Please welcome our honored guest poster today, J.M. Hayes. J.M.—Mike—was born in Hutchinson, Kansas, when it was the fourth largest city in the state. He was a graduate student studying archaeology at Wichita State University when he joined a National Science Foundation project that inspired his latest novel—The Spirit and the Skull. He moved to the University of Arizona to continue his studies and has lived in Tucson since. He has seven other books in print—The Grey Pilgrim and the six entries in the Mad Dog & Englishman Mystery Series (Mad Dog & Englishman, Prairie Gothic, Plains Crazy, Broken Heartland, Server Down, and English Lessons). For more about Mike and his books, check out his website: http://www.jmhayes-author.com/.
In Rules of the Knife Fight (Harper & Row, 1986), Walter Walker explains his title with the following epigram: There are no rules in a knife fight. –Butch Cassidy and the Sundance Kid.
Thus, four years before I published my first novel, Mr. Walker summed up the opinion I have developed about rules for writing. There are no rules. There is, however, one very important caveat. Writers who hope to sell their work must satisfy their readers. Other than that, I think writing shares a lot with knife fighting. Use anything that works.
As in a knife fight, you're wielding a sharp instrument. Your pen? Maybe your cutting wit? Keen insights, perhaps? Should you be aggressive or defensive? Aim for death by a thousand cuts, or maneuver carefully for the sudden surprise of a finishing blow?
Whatever you decide, don't wound yourself through over-reliance on an opening metaphor. That's not a rule, it's just part of the satisfying readers thing.
My first novel, The Grey Pilgrim (Walker and Company, 1990), wasn't a big rule breaker. It was based on actual events in which American Indians near Tucson refused to sign up for the draft in World War II, threw out the officials who planned to register them, and disappeared into the desert in a state of rebellion. Telling a fact-based story tends to keep you aligned with rule-based writing. It's possible I used too many flashbacks to explain how my characters came to meet and begin testing their individual and culturally based senses of honor. And I may have tossed in an overly downbeat coda. At least one reviewer thought so. But it wasn't like I brought a saber to a knife fight. More like a small machete. It was my first hack at writing. I'd learn.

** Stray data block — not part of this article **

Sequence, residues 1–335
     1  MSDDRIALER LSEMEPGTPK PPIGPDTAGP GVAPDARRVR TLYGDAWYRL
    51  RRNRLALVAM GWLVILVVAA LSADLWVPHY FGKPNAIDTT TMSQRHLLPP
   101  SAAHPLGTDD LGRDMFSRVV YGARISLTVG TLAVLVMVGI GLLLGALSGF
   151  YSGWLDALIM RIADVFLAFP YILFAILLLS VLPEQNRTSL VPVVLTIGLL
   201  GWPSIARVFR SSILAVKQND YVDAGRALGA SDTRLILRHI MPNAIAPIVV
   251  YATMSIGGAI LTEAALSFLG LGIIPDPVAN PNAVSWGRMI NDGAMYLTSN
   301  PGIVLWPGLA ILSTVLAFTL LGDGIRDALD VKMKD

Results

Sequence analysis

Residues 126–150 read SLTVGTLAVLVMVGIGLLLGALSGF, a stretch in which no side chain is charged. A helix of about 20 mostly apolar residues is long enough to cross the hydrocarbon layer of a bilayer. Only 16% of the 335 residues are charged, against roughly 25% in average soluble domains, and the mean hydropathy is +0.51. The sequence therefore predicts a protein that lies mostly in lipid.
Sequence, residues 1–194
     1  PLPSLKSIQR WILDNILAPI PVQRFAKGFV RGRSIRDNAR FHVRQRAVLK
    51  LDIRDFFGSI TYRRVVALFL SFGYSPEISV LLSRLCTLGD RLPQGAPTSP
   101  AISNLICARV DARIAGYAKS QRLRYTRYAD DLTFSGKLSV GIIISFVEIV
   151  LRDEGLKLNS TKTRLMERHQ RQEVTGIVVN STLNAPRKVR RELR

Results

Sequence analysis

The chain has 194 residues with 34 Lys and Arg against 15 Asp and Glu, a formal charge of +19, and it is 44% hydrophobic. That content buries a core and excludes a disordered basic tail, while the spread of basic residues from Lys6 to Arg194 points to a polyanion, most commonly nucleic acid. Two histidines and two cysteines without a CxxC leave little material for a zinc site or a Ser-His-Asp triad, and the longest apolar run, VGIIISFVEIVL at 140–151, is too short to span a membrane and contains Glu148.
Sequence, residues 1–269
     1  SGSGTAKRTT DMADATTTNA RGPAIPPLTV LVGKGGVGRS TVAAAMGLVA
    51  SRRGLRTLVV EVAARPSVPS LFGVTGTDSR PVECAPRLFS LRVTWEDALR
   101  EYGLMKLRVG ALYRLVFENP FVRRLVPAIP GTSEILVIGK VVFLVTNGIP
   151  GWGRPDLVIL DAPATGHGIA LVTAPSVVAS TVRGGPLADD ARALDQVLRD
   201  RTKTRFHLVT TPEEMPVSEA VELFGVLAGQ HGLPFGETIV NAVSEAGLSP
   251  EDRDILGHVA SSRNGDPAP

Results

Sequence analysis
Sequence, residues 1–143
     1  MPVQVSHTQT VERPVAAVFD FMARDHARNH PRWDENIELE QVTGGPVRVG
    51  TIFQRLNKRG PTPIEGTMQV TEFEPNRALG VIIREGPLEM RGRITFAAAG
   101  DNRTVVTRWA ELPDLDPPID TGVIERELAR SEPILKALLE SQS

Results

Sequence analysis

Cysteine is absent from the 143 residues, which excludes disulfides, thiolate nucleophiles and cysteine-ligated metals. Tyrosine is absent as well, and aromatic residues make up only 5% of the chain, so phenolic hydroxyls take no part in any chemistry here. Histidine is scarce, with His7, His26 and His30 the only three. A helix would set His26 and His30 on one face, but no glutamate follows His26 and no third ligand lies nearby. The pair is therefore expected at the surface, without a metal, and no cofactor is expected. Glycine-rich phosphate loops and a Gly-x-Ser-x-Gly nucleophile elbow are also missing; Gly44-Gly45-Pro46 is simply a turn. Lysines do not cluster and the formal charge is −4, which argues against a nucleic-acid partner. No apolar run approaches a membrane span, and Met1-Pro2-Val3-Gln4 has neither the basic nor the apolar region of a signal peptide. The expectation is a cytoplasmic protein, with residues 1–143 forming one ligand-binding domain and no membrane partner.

Among the things I learned is that the publishing business doesn't fight fair. Walker asked for my next novel. I wrote and delivered it almost simultaneously with their decision to eliminate their suspense line and fire my editor. It took me ten years, in between the kind of jobs that earned enough money to support renewed efforts to write for publication. Also, a reinvention and an open-minded publisher—Poisoned Pen Press. This time, the rules I followed had mostly become my own.
Take a rural Kansas sheriff and pair him with a wannabe Cheyenne (his brother, the town oddball) who thinks he's a natural born shaman. Since nothing ever happens in rural Kansas, when it does, during the twenty-four hours or less described in each book of my series, all hell breaks loose in Murphy's Law fashion. I blend farce, a cynical world view, and toss my characters into the kind or horrors the real world offers all too often. One reviewer described what I do as “McMurtry on skates.” Another said “...as gothic as Faulkner, as amusing as Twain...” But a series imposes its own rules.
So now I've done another standalone, The Spirit and the Skull. It's just your usual Paleolithic murder mystery, set in a band of immigrants crossing into Alaska in search of a break through the glaciers leading to their promised land. The Earth Mother drops in to deliver a few blows, complicating matters. So do thrusts of time travel—as the band's spirit man has dream visits with a modern archaeologist after being entombed for 15,000 years. Finally, twin threats cut from both sides of that little temporal anomaly. And there may be a concealed hint of alternate realities. All that bends or breaks nearly every mystery-genre rule I know. Except, I hope, the one about satisfying readers.
I probably should have had a knife fight, instead of spears and bows and arrows.
My readers will have to decide, while dodging pointed plot twists in what just might be the oddest mystery they've ever read.